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Fashion forward — PEM exhibit explores 250 years of gains made by women in fashion

Celina Colby
Celina Colby
Celina Colby is an arts and travel reporter with a fondness for Russian novels.... VIEW BIO
Fashion forward — PEM exhibit explores 250 years of gains made by women in fashion
Carla Fernández, jumpsuit, jacket, 2018. PHOTO: COURTESY OF THE VICTORIA AND ALBERT MUSEUM, LONDON

On Nov. 21, the Peabody Essex Museum in Salem transforms its galleries into a runway. Instead of the latest fashion week collections, visitors will find more than 108 mannequins sporting historical and contemporary outfits designed by pioneering women. “Made It: The Women Who Revolutionized Fashion” explores how fashion and female fortitude have shaped not only the clothes we wear, but also the political and social fabric of American society.

“Fashion history is really an interesting parallel to women’s history and social history,” says Petra Slinkard, PEM’s Nancy B. Putnam Curator of Fashion and Textiles and the exhibition co-curator. “And it helps to punctuate these turning points in the last 250 years, where women have made great advancements.”

Elizabeth Keckley, about 1861. PHOTO: COURTESY OF THE MOORLAND-SPINGARN RESEARCH CENTER, HOWARD UNIVERSITY ARCHIVES

Elizabeth Keckley, about 1861. PHOTO: COURTESY OF THE MOORLAND-SPINGARN RESEARCH CENTER, HOWARD UNIVERSITY ARCHIVES

One of the most powerful examples of those turning points is the story of Elizabeth Keckley. Born into slavery in 1818, Keckley learned to sew from her mother. Her impeccable technique earned her a reputation as a high-quality dressmaker, and through her commissions she was able to purchase freedom for herself and her son. But Keckley wasn’t stopping there. She opened a dressmaking shop in Washington, D.C. and became the personal dresser and couturiere to First Lady Mary Todd Lincoln as well as an author and notable civil rights activist.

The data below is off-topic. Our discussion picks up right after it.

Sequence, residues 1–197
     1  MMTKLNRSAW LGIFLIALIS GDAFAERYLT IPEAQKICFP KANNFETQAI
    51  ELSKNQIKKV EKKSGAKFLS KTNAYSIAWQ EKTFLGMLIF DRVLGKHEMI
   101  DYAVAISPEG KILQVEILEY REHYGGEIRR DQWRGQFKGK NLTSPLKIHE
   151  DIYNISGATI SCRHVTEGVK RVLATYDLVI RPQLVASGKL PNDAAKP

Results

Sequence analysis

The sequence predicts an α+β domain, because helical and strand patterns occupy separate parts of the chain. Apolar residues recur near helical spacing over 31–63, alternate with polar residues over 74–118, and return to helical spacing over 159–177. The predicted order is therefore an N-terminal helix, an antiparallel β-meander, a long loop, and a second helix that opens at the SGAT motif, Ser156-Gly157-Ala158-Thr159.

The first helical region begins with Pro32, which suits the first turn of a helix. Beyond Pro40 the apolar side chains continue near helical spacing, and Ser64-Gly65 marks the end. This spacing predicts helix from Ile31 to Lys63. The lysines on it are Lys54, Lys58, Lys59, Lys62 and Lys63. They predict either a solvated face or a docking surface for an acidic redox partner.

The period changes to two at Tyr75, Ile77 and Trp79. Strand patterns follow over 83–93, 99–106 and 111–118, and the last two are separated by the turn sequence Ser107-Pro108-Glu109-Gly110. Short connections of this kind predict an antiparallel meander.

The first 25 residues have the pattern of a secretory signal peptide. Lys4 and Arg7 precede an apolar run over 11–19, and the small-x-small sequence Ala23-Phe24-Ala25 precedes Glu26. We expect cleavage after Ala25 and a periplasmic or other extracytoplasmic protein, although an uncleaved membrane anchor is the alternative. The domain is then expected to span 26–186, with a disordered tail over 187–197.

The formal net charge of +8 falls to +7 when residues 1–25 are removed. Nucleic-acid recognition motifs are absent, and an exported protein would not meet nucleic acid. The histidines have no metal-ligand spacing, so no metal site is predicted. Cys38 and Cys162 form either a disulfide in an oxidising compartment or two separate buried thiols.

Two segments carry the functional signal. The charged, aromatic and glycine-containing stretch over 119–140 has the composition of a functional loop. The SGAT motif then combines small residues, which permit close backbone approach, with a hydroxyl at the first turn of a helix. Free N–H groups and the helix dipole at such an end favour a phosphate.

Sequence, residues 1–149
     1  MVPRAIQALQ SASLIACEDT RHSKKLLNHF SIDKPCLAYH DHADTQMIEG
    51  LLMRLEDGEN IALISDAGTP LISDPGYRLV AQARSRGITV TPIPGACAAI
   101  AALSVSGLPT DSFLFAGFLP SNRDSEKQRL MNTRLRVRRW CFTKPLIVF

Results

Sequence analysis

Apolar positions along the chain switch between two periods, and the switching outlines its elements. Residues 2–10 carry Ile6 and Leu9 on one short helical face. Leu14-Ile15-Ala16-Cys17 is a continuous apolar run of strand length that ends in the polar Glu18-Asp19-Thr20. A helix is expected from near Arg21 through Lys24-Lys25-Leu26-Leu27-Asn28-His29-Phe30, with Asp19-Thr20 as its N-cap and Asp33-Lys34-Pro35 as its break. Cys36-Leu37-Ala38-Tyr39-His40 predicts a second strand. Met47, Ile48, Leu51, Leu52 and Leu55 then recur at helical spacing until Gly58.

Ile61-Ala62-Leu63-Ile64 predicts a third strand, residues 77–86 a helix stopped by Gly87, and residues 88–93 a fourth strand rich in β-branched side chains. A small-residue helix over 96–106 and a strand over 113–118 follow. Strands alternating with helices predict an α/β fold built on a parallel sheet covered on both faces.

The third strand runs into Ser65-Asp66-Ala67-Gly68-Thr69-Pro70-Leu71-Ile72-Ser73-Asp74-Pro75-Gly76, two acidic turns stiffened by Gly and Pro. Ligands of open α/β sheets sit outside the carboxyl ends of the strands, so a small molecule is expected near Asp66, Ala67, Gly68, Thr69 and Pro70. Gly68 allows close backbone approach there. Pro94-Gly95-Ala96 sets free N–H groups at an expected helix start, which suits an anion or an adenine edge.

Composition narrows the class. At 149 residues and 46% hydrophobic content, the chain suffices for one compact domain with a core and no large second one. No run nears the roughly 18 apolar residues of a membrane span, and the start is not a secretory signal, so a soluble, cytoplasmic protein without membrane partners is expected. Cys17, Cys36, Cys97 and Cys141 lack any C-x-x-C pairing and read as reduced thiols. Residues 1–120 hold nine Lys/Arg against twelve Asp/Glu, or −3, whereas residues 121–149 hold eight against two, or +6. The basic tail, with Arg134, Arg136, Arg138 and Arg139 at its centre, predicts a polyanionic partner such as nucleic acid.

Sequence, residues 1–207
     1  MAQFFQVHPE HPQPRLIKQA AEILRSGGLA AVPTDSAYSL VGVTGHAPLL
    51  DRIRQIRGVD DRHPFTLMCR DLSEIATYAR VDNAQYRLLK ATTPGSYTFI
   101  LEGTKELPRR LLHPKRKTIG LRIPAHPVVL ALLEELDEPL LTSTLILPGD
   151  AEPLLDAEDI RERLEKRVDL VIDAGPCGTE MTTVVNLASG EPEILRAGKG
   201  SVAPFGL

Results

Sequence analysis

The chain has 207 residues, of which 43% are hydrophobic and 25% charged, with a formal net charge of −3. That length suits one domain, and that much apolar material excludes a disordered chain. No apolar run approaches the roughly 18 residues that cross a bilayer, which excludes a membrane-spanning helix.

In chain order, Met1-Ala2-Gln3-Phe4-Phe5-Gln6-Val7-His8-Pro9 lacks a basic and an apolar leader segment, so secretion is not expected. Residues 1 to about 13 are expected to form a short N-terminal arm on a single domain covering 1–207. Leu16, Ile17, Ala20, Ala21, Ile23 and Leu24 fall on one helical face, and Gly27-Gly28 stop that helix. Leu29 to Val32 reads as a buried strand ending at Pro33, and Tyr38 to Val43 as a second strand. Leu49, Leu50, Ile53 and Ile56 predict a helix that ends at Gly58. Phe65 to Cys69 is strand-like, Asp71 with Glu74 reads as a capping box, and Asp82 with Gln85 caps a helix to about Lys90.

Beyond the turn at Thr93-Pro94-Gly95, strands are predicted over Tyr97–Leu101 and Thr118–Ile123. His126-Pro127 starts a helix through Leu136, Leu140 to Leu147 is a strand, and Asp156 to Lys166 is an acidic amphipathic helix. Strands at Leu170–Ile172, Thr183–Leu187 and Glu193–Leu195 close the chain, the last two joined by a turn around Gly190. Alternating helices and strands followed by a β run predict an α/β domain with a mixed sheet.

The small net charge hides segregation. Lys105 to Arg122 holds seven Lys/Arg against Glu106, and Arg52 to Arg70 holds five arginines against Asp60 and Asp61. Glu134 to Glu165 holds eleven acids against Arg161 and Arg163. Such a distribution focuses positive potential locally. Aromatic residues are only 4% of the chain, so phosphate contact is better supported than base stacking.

“She embodies that first moment in transition as women start to make a name for themselves, as women start to make space for themselves,” says Slinkard. “To be able to include her story here in this narrative is quite an honor.”

Slinkard notes that in Europe, the designer Charles Frederick Worth, who is touted as the father of couture, experienced a similar career path to Keckley. He was dressing the European courts, the equivalent of dressing those in the White House here in the United States. And yet, while he rose to fashion fame, Keckley’s story wasn’t widely told until about 40 years ago because of her status as a Black woman.

J. Okuma, dress, 2018. PHOTO: CAMERON LINTON, COURTESY OF JAMIE OKUMA

J. Okuma, dress, 2018. PHOTO: CAMERON LINTON, COURTESY OF JAMIE OKUMA

Keckley is one of about 80 pioneering women featured in the exhibition. Others include Carla Fernandez, who prints powerful activist statements on her garments; Jamie Okuma, who interweaves Native American beading techniques into her wearable art garments; and Maria Theresa Baldwin Hollander, who created a retail empire in New England in the mid-1800s, when women generally weren’t allowed to have their own money, never mind run businesses.

It may be more than 200 years since Keckley’s birth, but fashion is still just as central to our social and political experiences. A prime example is the white suit Kamala Harris wore during her acceptance speech as Vice President-elect. The suit was a reference to the suffragettes, who frequently wore white as part of their movement for women’s voting rights. This year is the centennial anniversary of women’s suffrage. But Harris’ outfit also illustrates the sartorial, and therein social, advancements of women, for example the ability to wear pants freely and utilize fashion for function as well as style. These fashion freedoms may be taken for granted now, but were hard-won by the women of “Made It.”

The many articles written about Harris’ look further illustrate the pervasive importance of garments in our contemporary world. While they have often been used to restrict women, they can also be used to illustrate female freedom.

Slinkard hopes that the show inspires and establishes a connection for viewers. “What I’d like for visitors to walk away with,” she says, “is to see themselves, to see their mothers, their grandmothers, their aunts, to see components of their own lives represented in these stories.”

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